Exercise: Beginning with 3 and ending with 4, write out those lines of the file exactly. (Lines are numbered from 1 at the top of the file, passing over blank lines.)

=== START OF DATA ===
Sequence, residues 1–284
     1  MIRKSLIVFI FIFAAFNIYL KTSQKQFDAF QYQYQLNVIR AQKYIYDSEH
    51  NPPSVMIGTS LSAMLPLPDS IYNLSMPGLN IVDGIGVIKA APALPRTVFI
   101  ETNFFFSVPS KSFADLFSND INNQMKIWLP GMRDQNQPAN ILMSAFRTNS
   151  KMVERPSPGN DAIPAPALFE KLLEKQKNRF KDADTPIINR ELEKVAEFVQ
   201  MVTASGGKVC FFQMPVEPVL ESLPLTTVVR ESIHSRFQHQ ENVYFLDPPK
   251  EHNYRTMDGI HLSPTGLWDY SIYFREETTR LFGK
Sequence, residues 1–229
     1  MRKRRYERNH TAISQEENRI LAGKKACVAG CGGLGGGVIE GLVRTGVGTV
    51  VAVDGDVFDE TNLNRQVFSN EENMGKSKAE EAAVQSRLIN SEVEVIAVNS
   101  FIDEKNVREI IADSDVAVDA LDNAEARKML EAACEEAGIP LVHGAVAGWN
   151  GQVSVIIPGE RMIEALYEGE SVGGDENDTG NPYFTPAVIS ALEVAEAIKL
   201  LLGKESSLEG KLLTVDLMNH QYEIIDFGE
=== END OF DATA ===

    51  NPPSVMIGTS LSAMLPLPDS IYNLSMPGLN IVDGIGVIKA APALPRTVFI
   101  ETNFFFSVPS KSFADLFSND INNQMKIWLP GMRDQNQPAN ILMSAFRTNS